Soil stabilisation for DNA metabarcoding of plants and fungi. Implications for sampling at remote locations or via third-parties

Show download statistics
View graph of relations
Citation formats


Storage of soil samples prior to metagenomic analysis presents a problem. If field sites are remote or if samples are collected by third parties, transport to analytical laboratories may take several days or even weeks. The bulk of such samples and requirement for later homogenisation precludes the convenient use of a stabilisation buffer, so samples are usually cooled or frozen during transit. There has been limited testing of the most appropriate storage methods for later study of soil organisms by eDNA approaches. Here we tested a range of storage methods on two contrasting soils, comparing these methods to the control of freezing at -80 °C, followed by freeze-drying. To our knowledge, this is the first study to examine the effect of storage conditions on eukaryote DNA in soil, including both viable organisms (fungi) and DNA contained within dying/dead tissues (plants). For fungi, the best storage regimes (closest to the control) were storage at 4 °C (for up to 14 d) or active air-drying at room temperature. The worst treatments involved initial freezing, followed by thawing which led to significant later spoilage. The key spoilage organisms were identified as Metarhizium carneum and Mortierella spp., with a general increase in saprotrophic fungi and reduced abundances of mycorrhizal/biotrophic fungi. Plant data showed a similar pattern, but with greater variability in community structure, especially in the freeze-thaw treatments, probably due to stochastic variation in substrates for fungal decomposition, algal proliferation and some seed germination. In the absence of freeze drying facilities, samples should be shipped refrigerated, but not frozen if there is any risk of thawing.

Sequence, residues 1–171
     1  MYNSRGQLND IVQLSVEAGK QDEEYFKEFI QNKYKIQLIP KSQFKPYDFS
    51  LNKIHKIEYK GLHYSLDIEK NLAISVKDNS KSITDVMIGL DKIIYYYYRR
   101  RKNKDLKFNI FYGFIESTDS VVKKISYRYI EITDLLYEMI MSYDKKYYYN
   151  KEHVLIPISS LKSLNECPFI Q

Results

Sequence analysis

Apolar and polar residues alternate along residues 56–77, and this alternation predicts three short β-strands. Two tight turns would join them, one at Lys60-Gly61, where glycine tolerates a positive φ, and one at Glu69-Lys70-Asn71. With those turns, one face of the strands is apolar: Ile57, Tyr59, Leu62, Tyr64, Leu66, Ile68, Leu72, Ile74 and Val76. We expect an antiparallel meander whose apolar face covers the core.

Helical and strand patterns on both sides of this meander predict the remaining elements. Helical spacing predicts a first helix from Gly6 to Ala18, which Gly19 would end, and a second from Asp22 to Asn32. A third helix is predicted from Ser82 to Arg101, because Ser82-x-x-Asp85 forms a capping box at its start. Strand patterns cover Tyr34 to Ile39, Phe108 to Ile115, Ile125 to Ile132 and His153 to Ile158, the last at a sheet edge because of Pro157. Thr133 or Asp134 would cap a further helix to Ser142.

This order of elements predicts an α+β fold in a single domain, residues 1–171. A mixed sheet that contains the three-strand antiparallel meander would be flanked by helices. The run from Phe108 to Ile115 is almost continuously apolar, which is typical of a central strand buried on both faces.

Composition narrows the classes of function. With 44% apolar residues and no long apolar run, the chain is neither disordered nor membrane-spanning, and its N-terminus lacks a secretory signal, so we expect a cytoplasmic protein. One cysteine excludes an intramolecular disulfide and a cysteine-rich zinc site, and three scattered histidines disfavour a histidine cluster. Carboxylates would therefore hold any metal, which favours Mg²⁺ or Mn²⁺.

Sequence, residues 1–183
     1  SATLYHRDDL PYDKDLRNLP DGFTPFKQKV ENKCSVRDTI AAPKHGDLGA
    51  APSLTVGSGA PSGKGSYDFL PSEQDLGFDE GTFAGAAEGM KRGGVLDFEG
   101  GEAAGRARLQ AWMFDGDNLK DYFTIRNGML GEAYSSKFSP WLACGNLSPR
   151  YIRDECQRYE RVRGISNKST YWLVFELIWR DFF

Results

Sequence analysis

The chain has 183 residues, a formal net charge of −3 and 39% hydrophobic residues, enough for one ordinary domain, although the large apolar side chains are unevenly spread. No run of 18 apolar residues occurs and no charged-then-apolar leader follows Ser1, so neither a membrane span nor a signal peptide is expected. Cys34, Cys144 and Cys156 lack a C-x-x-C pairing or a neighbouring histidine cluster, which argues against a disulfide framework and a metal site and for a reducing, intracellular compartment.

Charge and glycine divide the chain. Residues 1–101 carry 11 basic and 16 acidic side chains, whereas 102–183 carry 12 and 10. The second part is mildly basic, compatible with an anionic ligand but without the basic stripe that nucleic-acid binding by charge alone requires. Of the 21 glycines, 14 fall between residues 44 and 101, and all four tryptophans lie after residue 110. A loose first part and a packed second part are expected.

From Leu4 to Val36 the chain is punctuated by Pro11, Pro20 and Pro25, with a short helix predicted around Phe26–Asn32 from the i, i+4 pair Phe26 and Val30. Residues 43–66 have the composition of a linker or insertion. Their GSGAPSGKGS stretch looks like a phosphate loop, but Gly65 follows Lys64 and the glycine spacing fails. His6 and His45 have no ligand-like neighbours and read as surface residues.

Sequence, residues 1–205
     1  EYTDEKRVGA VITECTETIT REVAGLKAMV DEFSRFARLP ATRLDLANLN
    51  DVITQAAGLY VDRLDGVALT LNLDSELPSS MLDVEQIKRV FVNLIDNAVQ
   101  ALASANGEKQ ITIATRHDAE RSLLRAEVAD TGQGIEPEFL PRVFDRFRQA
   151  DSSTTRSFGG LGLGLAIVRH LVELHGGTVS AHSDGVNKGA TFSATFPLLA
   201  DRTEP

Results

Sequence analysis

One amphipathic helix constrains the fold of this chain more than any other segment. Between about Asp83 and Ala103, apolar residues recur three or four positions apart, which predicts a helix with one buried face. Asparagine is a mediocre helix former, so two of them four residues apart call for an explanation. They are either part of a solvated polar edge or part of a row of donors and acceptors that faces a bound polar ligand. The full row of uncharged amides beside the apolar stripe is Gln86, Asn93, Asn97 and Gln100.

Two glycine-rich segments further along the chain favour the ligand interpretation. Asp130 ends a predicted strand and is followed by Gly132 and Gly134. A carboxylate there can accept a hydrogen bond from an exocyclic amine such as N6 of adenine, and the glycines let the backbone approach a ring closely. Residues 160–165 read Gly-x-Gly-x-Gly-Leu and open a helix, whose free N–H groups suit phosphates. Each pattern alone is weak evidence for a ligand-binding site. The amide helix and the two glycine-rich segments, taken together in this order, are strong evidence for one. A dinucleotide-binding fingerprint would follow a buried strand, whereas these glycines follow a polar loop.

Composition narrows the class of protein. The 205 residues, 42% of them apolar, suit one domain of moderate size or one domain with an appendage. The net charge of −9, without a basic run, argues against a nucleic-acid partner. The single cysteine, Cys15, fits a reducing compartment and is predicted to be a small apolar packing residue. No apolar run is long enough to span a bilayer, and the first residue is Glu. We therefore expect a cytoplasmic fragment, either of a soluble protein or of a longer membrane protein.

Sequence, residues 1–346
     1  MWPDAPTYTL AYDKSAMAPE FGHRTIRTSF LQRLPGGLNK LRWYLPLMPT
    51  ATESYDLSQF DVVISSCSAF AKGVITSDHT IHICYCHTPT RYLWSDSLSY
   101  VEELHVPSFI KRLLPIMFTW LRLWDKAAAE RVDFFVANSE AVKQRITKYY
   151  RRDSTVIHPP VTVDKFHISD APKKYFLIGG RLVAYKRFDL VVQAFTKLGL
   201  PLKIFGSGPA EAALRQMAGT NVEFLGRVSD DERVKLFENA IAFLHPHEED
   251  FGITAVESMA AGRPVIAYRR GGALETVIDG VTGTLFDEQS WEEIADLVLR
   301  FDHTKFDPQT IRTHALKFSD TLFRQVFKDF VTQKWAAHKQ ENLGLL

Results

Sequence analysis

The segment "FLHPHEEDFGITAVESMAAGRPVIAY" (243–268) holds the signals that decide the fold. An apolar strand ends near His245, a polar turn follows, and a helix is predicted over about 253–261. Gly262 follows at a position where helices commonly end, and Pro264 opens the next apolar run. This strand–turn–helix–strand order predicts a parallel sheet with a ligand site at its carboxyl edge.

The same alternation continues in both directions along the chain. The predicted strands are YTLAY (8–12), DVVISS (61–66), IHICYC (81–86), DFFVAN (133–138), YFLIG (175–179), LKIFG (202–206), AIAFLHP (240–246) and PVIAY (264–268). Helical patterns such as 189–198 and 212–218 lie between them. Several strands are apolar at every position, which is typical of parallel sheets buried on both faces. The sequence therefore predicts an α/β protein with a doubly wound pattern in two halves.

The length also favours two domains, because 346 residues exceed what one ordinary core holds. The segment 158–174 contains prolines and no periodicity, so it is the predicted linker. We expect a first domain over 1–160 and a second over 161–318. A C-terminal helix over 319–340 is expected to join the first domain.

• Chitinolytic fungi, Freeze-drying, Freeze-thaw, Sample preservation